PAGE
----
In this small data set, the presence and size of a race 1 lesion was positively correlated with the presence and size of a race 2 lesion in all the lanatus families. Thus, in crosses with two known race 2 resistant lines, segregation for race 2 resistance paralleled segregation for race 1 resistance.

Table 1. Number of individuals with (S) or without (R) anthracnose lesions on detached leaves from Citrullus lanatus, Citrullus colocynthis, Cucumis melo and Cucurbita moschata drop inoculated with race 1 and race 2 isolates and maintained in a moist, illuminated polycarbonate chamber.

Observed: Race 1
Lesion Sizez
Sample SDy
Observed: Race 2
Lesion Sizez
Sample SDy
Parents and Checks
R:Sw
R:Sw
New Hampshire Midget (A)
3:8
1.46
0.79
6:5
0.48
0.15
PI 299379 (B)
20:0
0
0
19:1
0.50
0
PI 189225 (C)
15:1
2.60
0
15:1
3.20
0
C. colocynthis 'R309' (D)
1:5
1.02
0.96
2:4
0.90
0.73
'Edisto' muskmelon
1:8
0.57
0.39
9:0
0
0
'Butternut' squash
5:0
0
0
5:0
0
0
Progeny
AxB
7:3
0.70
1.04
8:2
1.10
1.13
A(AxB)
5:7
1.29
0.94
10:1
0.40
0
(AxB)A
13:13
1.22
1.07
21:5
1.40
0.99
B(AxB)
22:14
1.42
0.79
19:17
2.28
1.27
(AxB)B
40:27
1.15
1.38
55:12
0.60
0.42
(AxB)F2
34:26
0.54
0.48
44:16
0.43
0.29
AxC
11:5
0.55
0.25
13:3
0.40
0.08
A(AxC)
11:6
1,58
0.68
9:8
1.98
1.25
(AxC)A
20:16
2.70
1.18
12:13
1.70
1.05
(AxC)C
29:6
3.52
1.39
33:2
1.55
1.06
(AxC)F2
22:11
1.50
1.57
28:5
2.40
1.76
AxD
6:7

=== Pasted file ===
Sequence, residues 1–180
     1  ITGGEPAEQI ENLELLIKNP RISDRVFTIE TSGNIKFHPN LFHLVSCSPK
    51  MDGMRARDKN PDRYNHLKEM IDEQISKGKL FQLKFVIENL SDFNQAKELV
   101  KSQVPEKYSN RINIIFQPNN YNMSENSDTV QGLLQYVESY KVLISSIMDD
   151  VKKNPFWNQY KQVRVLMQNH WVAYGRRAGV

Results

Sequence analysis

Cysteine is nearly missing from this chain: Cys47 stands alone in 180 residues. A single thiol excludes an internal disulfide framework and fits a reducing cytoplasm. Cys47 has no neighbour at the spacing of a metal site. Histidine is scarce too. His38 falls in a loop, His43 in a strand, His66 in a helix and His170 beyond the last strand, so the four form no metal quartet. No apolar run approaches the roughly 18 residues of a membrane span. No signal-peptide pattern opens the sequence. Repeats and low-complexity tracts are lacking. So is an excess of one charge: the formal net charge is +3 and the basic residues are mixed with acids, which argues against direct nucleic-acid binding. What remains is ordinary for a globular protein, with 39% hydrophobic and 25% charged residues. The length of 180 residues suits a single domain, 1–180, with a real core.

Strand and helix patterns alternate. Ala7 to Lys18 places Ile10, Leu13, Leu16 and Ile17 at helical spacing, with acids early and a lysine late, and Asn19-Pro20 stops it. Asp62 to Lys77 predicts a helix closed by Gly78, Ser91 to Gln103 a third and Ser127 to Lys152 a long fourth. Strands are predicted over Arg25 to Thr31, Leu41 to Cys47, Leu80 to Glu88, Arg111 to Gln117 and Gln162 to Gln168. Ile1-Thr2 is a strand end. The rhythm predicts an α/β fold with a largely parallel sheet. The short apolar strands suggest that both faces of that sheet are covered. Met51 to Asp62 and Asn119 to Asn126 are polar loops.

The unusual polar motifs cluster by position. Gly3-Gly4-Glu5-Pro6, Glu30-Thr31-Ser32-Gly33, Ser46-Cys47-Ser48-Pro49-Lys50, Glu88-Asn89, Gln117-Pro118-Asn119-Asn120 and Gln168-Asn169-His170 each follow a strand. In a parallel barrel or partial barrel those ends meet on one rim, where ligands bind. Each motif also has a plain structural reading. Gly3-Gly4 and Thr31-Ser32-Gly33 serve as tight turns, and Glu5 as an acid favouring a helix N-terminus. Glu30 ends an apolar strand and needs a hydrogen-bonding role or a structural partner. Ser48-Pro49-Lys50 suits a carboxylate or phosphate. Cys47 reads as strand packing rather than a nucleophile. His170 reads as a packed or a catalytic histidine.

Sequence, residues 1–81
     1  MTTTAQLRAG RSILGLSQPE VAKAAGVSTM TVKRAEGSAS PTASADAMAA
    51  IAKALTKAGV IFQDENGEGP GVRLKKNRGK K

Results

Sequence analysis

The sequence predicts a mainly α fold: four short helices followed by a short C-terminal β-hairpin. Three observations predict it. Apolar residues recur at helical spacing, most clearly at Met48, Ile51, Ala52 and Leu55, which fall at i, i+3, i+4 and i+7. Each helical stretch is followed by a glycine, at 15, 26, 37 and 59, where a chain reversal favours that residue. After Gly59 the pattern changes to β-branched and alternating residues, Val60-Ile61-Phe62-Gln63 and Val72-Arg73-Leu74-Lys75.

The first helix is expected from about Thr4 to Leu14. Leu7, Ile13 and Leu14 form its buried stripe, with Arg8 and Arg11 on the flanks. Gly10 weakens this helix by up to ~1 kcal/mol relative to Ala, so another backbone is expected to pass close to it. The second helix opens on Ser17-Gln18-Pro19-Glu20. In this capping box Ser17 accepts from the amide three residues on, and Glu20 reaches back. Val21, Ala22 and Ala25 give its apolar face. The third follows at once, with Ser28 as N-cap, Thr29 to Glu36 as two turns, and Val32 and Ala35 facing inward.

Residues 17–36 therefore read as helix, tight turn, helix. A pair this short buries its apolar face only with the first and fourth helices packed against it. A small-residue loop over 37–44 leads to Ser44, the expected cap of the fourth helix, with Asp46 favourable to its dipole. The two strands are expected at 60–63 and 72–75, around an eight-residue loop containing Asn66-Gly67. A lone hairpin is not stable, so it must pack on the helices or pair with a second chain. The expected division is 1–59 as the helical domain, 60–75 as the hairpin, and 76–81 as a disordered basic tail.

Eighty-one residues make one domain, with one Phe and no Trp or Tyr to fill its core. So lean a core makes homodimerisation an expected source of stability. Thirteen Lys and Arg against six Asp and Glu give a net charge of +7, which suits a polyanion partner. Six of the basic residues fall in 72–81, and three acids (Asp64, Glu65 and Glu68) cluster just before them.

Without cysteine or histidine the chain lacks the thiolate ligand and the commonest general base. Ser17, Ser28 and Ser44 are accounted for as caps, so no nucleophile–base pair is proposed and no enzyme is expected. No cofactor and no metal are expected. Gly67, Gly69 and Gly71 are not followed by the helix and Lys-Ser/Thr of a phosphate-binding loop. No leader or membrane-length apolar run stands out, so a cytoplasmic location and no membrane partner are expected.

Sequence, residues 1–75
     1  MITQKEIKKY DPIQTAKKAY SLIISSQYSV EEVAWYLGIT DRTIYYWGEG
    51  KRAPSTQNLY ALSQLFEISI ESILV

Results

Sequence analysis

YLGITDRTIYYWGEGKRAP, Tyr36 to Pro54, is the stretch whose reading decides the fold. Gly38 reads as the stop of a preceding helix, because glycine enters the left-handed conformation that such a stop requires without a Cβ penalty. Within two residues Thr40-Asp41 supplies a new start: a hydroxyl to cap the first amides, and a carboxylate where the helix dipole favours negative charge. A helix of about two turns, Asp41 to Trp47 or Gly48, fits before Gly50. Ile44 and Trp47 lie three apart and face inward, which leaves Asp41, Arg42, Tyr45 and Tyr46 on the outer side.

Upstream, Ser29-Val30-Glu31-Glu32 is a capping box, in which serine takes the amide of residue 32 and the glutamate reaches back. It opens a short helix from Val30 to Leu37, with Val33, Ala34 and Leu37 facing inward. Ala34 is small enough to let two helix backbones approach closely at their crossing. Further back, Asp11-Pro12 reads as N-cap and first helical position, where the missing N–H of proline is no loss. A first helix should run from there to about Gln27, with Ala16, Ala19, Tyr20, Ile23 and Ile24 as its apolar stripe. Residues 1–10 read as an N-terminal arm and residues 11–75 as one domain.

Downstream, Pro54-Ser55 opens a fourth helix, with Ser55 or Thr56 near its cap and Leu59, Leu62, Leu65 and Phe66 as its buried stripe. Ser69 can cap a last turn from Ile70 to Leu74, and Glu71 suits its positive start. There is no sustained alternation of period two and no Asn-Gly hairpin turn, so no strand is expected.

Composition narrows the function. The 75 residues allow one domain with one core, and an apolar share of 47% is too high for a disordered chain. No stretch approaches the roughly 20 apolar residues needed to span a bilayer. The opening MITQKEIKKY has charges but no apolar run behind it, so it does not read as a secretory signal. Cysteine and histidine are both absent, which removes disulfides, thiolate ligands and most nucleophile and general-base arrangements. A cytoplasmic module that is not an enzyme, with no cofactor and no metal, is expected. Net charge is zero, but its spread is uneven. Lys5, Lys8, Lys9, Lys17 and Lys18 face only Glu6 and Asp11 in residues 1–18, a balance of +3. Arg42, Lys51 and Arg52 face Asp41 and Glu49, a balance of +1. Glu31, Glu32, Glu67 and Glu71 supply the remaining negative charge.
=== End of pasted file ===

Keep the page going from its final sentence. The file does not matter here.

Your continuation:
1:57
1.04
10:3
0.40
0.14
(AxD)A
1:0
0
0
1:0
0
0
(AxD)F2
5:37
2.19
0.90
24:18
1.34
0.62
BxC
16:0
0
0
14:2
1.05
0.64
CxB
10:1
0
0
10:0
0
0
(BxC)B
30:2
1.80
2.12
32:0
0
0
(BxC)C
32:0
0
0
32.0
0
0
C(BxC)
39:1
0.90
0
38.2
0.50
0.28
(BxC)F2
30:1
0.5
0
31.0
0
0
DxB
8:6
1.85
2.41
12:2
2.80
3.39
D(DxB)
2:2
1.60
1.84
4:0
0
0
B(DxB)
33:4
3.10
3.54
34:3
2.00
0
(DxB)B
15:1
0.40
0
14:2
1.00
0
DxC
16:0
0
0
16:0
0
0
C(DxC)
17:0
0
0
17:0
0
0
(DxC)C
33.2
1.15
0.21
35:0
0
0
D(DxC)
16.0
0
0
13:3
0.35
0.07
(DxC)D
6:0
0
0
2:4
0.88
0.76

z Lesion size in millimeters. ySample standard deviation, using n-1 weighting. wPlants with leaves with lesions after inoculation were classified as "susceptible", and the mean lesion size of susceptible plants and the associated SSD are recorded here.

Literature Cited

  1. Henderson, W.R. and S.F. Jenkins, Jr. 1977. Resistance to anthracnose in diploid and polyploid watermelons. J. Amer. Soc. Hort. Sci. 102(6):693-695.
  2. Love, S.L. and B.B. Rhodes. 1988. Single gene control of anthracnose resistance in Citgrullus ? Cucurbit Genetics Coop. Rpt. 12:5-6.
  3. Love, S.L. and B.B. Rhodes. 1991. R309, a selection of Citrullus colocynthis with multigenic resistance to Colletotrichum lagenarium race 2. Cucurbit Genetics Coop. Rpt. 14:92-96.
  4. Suvanprakorn, K. and J.D. Norton. 1980. Inheritance of resistance to race 2 anthracnose in watermelon. J. Amer. Soc. Hort. Sci. 105:862-865.
Home About Membership Reports Gene Lists Conferences Links Search NCSU
Department of Horticultural Science Box 7609North Carolina State UniversityRaleigh, NC 27695-7609919-515-5363
Page citation: Wehner, T.C., Cucurbit Genetics Cooperative;
Created by T.C. Wehner and T. Ng, 1 June 2005; design by C.T. Glenn;
send questions to T.C. Wehner; last revised on 15 December, 2009